Munyaradzi Gwisai was sentenced Wednesday to pay $500 and serve 420 hours of community service by a Zimbabwe court. So were five other Zimbabwean activists.
What landed them in court? Watching a video of the Arab Spring uprisings.
Dozens of people were arrested in February 2011 after a video on the protests was shown at a Harare seminar. The only person who was able to escape said the seminar participants were linking the struggles in Egypt and Tunisia to the situation in Zimbabwe, The Times reported last year.
"People were throwing out their perspectives and their views on how they can free themselves from this regime,” the man said then on condition of anonymity, fearing arrest.
The government dropped charges of treason and trying to overthrow the government against most defendants, but prosecuted the activists for conspiring to commit public violence.
"Watching the video is not a crime; however, the manner at which they watched it was meant to arouse feelings of hostility to those present in the meeting. Watching it in those circumstances was nasty and pathetic," Judge Kudakwashe Jarabini was quoted in the Herald, a Zimbabwean paper.
“One can safely conclude that the meeting was not innocent and academic, but was meant to urge people to revolt against the government of Zimbabwe," Jarabini said Monday, when the activists were found guilty.
The judge reportedly called the sentences “compassionate.”
Zimbabwean activists had feared even harsher sentences of up to a decade in jail. The lighter sentence was still bemoaned by activists, who said the case was a farce. The defendants alleged that they had been tortured into confessing.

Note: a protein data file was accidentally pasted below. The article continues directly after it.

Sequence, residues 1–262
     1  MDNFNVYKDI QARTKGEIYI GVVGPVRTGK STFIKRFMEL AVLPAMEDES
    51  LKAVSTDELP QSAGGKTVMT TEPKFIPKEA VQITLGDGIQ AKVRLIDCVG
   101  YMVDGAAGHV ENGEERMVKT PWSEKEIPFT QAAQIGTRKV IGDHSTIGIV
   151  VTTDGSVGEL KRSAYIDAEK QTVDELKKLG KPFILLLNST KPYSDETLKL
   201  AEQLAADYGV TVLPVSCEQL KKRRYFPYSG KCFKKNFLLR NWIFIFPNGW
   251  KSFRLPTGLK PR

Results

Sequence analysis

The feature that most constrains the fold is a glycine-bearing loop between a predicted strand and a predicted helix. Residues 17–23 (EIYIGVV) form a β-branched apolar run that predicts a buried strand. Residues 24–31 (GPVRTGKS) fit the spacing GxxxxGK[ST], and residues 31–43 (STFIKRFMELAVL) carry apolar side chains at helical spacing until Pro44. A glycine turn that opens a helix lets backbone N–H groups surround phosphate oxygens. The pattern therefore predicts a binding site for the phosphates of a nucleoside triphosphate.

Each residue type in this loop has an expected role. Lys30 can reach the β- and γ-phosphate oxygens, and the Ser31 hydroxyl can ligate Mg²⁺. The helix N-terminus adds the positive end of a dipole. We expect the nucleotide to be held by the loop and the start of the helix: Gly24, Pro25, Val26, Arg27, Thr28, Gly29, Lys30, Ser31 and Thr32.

“The government should immediately set these outrageous convictions aside and exonerate all six,” said Leslie Lefkow, deputy Africa director for Human Rights Watch.
Lefkow said the arrests were part of a worrisome crackdown on activists by authorities tied to the former ruling party, using criminal laws to quash peaceful activism.
The former ruling party linked to President Robert Mugabe is sharing power with its old opponents, but Mugabe may call elections to end the coalition government. The opposition is against the idea.
Zimbabwean Prime Minister Morgan Tsvangirai, a longtime opposition leader, said Tuesday in a statement that he was “disturbed that the government he serves could criminalize people watching videos as plotting to unseat the government."
It “serves to confirm that Zimbabwe has not moved an inch in its respect for human rights,” Tsvangirai said.
-- Emily Alpert in Los Angeles
Photo: Supporters of six Zimbabwean activists found guilty of conspiring to commit public violence in Harare, Zimbabwe, demonstrate Tuesday outside the Zimbabwean consulate in Johannesburg, South Africa. Credit: Jerome Delay / Associated Press